Reviews for Treasure Island

Booklist Reviews 2007 March #2
One forgets how much modern tales of swashbuckling owe to Robert Louis Stevenson's classic. MacDonald's retelling, an entry in Barron's Graphic Classics series, has all the important elements: the daring young apprentice, the tricky old seadog, the ruthless band of pirates, and, of course, buried treasure. Unfortunately, the pages are a bit too tightly packed, and each panel is overcaptioned with dry prose, which dilutes the tale's excitement and spectacle. The full-color art is highly detailed and realistically gritty, and the power of the narrative is impossible to suppress. A way into a classic for reluctant readers, this book, suggested for larger collections, is also a good reminder of what a rousing pirate yarn is all about. Footnotes on seagoing terms, background on the story and on Stevenson himself, and notes on pirates in the movies round out the book. Other adaptations in the series include Oliver Twist and Moby Dick. ((Reviewed March 15, 2007)) Copyright 2007 Booklist Reviews.

Horn Book Guide Reviews 2007 Spring
These classic tales are set up in a faux comic format unlikely to fool graphic novel enthusiasts. The bulk of each story is told through text set in the white space below small, colorful panels with dialogue bubbles, making for poor integration between text and pictures. The illustrations are static and the design cramped. Extensive backmatter is included. Reading list, timeline. Ind. [Review covers these Graphic Classics titles: [cf2]Oliver Twist[cf1] and [cf2]Treasure Island[cf1].] Copyright 2007 Horn Book Guide Reviews.

School Library Journal Reviews 2007 March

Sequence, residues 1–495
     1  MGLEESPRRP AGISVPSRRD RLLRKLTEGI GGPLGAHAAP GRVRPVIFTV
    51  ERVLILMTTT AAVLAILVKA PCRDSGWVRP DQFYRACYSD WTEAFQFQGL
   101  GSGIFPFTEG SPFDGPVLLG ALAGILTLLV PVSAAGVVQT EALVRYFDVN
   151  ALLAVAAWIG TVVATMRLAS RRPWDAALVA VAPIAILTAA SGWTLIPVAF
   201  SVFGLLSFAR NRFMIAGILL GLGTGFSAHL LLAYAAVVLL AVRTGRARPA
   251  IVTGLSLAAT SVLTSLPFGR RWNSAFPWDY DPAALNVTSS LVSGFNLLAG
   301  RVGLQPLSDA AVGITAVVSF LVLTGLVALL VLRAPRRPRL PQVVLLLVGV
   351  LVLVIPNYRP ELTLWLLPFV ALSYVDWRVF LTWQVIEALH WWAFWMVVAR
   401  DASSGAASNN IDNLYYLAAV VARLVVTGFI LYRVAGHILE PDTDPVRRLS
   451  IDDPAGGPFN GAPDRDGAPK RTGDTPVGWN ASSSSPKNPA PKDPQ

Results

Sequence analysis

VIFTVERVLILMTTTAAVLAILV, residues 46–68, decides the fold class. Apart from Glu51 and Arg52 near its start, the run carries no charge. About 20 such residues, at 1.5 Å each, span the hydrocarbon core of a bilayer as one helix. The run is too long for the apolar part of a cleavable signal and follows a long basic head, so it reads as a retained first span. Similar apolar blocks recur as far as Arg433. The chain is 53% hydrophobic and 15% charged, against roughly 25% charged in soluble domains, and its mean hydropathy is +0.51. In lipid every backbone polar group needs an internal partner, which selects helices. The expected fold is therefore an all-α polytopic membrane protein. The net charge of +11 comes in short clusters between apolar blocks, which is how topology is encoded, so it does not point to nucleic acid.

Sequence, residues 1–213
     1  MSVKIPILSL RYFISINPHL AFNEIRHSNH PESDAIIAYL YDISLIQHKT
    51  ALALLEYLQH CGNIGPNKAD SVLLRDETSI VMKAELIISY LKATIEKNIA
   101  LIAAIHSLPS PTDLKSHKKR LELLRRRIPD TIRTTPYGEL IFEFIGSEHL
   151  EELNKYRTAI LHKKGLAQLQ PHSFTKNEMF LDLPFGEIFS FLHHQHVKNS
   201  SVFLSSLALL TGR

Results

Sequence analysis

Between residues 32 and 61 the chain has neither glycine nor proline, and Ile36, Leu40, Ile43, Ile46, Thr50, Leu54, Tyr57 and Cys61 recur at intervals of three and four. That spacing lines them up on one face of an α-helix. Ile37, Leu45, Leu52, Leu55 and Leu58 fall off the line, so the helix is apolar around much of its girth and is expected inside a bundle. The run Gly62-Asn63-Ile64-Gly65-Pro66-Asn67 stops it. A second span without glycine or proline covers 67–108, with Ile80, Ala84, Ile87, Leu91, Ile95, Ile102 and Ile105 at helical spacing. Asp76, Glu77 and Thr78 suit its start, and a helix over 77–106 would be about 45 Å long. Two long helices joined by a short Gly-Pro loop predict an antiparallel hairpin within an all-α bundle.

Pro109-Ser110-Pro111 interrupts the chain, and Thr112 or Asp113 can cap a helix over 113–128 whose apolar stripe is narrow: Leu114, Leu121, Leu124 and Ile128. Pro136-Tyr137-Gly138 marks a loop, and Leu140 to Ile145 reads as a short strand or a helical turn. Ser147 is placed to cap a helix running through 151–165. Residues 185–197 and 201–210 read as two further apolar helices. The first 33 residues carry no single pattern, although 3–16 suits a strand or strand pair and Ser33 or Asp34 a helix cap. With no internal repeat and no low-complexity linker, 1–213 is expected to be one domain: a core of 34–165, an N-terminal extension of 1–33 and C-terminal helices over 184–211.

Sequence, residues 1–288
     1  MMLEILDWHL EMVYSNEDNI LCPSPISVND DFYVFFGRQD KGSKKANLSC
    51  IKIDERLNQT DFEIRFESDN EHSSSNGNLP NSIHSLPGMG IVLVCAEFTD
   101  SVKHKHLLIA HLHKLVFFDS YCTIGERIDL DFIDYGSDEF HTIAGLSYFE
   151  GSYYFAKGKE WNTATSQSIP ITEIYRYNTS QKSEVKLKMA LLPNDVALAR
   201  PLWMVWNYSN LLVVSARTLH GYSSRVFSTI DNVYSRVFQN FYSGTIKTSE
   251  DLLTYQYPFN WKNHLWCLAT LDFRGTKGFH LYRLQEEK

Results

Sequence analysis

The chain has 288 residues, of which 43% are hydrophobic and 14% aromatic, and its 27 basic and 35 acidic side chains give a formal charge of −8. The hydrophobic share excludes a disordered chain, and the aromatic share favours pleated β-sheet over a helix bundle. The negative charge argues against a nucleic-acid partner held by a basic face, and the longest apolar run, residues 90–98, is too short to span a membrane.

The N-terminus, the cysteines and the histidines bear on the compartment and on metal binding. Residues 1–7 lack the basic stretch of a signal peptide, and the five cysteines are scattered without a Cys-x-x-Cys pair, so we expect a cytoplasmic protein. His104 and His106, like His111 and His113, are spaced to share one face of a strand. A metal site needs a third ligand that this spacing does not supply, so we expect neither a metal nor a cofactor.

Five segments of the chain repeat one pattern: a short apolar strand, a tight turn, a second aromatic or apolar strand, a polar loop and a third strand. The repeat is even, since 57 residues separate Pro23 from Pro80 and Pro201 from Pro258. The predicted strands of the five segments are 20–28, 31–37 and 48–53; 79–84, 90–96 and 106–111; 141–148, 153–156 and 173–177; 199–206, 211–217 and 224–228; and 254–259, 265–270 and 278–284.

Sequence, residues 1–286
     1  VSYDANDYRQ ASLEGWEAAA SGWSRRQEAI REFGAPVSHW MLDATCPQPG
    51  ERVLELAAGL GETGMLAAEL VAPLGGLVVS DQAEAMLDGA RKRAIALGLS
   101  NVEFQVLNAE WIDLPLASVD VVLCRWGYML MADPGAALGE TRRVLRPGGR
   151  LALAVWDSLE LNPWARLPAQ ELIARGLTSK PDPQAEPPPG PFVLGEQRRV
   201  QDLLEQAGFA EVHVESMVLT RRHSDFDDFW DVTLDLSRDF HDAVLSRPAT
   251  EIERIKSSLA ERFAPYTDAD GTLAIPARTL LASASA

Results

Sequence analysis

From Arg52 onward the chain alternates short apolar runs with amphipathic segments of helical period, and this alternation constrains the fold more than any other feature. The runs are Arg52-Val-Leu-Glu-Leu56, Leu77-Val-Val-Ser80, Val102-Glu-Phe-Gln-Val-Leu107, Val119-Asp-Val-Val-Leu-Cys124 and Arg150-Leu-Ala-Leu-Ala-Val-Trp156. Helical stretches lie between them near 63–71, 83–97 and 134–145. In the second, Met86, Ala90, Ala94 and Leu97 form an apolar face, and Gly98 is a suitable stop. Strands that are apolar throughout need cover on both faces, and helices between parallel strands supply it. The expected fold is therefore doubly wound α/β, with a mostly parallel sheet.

Gr 2-6-- In this retelling of Stevenson's classic story, each spread is structured as a chapter and provides a short story arc within the larger tale. The elements of suspense or triumph that close each chapter compel readers to turn the page for the next piece of the story. However, the graphic storytelling leaves much to be desired, especially in the essential layout and presentation. The pages are comprised of a series of mostly wordless panels, depicting tight close-ups of the characters as their situations are described in captions paraphrasing Stevenson's prose with none of its luster. When dialogue does appear, it is placed artificially at the top of each panel despite the fact that it is almost universally meant to follow the caption it precedes, creating a dissonant reading experience. Vocabulary is defined in footnotes, and a handful of concluding pages provide some context for Stevenson's life and background on the novel. The volume may well provide young readers with a desired dose of pirates, but this attempt has not bent the format to fit the vintage tale. Try the version adapted and illustrated by Tim Hamilton, instead (Puffin, 2005).--Benjamin Russell, Belmont High School, NH

[Page 239]. Copyright 2007 Reed Business Information.

VOYA Reviews 2007 February
These two graphic format adaptations make an adequate introduction for young middle school readers to classic literature. The simple, illustrated, abridged format makes these well-known stories a start for reluctant readers. The story lines are faithful to the original texts but presented mostly in a very static first-person narration and are significantly condensed. All prominent characters from each novel and the settings are replicated, but the condensation often makes the story somewhat choppy. Treasure Island is an exciting adventure story of a young boy who finds a treasure map in the chest of a guest at this mother's inn. He joins a sailing crew to search for the treasure and must learn to survive among the brutal pirates and the terrifying hard life on the sea. Oliver Twist is the story of a nineteenth-century orphan who is forced to work in a brutal workhouse and then escapes to London where he joins a group of young thieves until he is adopted by a generous benefactor.The titles incorporate mediocre colored comic-style illustrations, with dialogue balloons or split frames, and are illustrated in a conventional comic style that uses sequential panels containing both art and text. Each title also features a brief biography and time line of its author and a list of his important works. These books are suitable for classroom use or for readers at a junior high school level who have an interest or need to read classic titles, but there are other abridged illustrated classic publications that would be a better choice for a library or school.-Eileen Kuhl Copyright 2007 Voya Reviews.